More than 6,000 mail-in ballots in Florida were reportedly not counted on Election Day

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PHOTO BY MONIVETTE CORDEIRO
  • Photo by Monivette Cordeiro
Thousands of mailed ballots weren't counted because they reached the offices of Florida election officials too late, the Associated Press reports.

In total, 6,670 ballots mailed ahead of the Nov. 6 election were not counted because they were received after Election Day, a federal judge told the Florida Department of State late last week. Totals from 65 of the state's 67 counties were prepared by state officials. Palm Beach County and Polk County are the two counties yet to report their totals.

State law says ballots mailed inside the U.S. are required to reach election offices by 7 p.m. on Election Day. Ballots mailed from overseas are counted if they are received up to 10 days following the election.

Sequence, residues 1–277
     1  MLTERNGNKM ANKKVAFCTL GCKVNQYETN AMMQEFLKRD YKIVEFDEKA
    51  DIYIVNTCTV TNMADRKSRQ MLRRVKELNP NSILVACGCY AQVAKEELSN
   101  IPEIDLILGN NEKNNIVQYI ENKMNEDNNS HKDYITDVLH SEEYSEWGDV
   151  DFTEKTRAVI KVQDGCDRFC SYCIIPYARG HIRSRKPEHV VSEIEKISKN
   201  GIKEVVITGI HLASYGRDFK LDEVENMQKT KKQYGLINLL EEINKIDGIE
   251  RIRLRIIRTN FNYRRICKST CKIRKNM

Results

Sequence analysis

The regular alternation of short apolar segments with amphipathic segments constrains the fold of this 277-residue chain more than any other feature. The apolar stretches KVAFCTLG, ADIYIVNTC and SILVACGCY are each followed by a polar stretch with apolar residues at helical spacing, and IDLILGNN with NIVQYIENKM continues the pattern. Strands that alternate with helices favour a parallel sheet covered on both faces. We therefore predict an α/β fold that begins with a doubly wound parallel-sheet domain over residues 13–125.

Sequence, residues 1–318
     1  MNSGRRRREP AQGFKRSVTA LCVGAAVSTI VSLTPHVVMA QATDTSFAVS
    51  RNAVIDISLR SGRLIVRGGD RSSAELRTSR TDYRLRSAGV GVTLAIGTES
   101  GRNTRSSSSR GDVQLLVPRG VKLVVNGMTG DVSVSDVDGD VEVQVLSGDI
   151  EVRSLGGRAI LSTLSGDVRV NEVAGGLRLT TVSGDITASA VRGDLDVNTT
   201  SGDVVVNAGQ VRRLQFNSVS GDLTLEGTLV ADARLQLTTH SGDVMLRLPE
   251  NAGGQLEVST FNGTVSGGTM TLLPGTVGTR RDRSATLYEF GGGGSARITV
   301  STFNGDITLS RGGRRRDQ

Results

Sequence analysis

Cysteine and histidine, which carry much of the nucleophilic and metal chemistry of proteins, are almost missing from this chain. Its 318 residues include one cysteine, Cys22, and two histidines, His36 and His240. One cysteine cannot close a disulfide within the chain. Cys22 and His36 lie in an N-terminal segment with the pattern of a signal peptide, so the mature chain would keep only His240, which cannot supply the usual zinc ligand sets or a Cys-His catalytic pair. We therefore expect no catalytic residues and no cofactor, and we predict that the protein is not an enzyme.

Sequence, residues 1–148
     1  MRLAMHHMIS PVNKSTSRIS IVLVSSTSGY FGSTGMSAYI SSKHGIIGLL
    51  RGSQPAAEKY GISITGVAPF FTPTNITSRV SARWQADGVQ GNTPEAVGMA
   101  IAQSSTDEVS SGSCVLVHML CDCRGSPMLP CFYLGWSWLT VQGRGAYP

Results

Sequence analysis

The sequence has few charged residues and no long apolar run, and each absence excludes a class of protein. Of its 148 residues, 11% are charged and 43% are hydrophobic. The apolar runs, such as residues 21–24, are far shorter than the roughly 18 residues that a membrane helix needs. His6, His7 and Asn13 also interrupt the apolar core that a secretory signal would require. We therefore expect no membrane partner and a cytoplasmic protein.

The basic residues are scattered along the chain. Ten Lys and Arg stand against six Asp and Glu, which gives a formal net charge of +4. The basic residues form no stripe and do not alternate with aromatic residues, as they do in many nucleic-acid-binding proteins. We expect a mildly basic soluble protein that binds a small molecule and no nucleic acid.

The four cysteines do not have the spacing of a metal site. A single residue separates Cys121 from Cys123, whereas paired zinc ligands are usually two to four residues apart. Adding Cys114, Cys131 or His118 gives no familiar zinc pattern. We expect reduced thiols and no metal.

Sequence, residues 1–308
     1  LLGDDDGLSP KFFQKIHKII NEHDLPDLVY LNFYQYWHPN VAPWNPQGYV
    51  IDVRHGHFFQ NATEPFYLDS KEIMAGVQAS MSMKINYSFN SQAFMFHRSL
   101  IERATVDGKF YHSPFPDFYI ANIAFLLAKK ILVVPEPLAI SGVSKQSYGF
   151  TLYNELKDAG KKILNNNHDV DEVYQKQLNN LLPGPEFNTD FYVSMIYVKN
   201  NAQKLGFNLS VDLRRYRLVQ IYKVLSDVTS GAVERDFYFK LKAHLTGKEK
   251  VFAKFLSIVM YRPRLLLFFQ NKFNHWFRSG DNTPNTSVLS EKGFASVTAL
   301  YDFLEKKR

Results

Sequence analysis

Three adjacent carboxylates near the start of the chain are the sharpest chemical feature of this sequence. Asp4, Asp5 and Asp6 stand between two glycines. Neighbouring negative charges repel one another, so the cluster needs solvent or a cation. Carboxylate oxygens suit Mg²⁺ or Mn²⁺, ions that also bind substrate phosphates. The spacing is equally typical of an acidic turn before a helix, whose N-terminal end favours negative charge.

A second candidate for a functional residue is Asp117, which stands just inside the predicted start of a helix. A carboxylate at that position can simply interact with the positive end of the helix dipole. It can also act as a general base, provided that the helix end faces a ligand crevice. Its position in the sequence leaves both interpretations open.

Several statewide races in Florida were especially tight last month, as Democrat and marijuana lobbyist Nikki Fried held off Republican state Rep. Matt Caldwell by a mere 6,753 votes in the Agriculture Commissioner race and term-limited Republican Gov. Rick Scott ousted three-term Democratic U.S. Sen. Bill Nelson by just more than 10,000 votes.

Following the 2018 midterms, two Democratic organizations and VoteVets Action Fund, a progressive advocacy group for veterans, filed a lawsuit that argued the ballots should count if they were mailed prior to Nov. 6.

U.S. District Judge Mark Walker, who was involved in a several separate lawsuits filed after Election Day, said the restriction was fair, noting that state officials have a right to establish deadlines. Walker also nixed an emergency request that all properly postmarked ballots received up to 10 days after Nov. 6 be counted.

The lawsuit is still pending, as Walker awaits state election officials report of how many ballots were mailed before Election Day but not counted.

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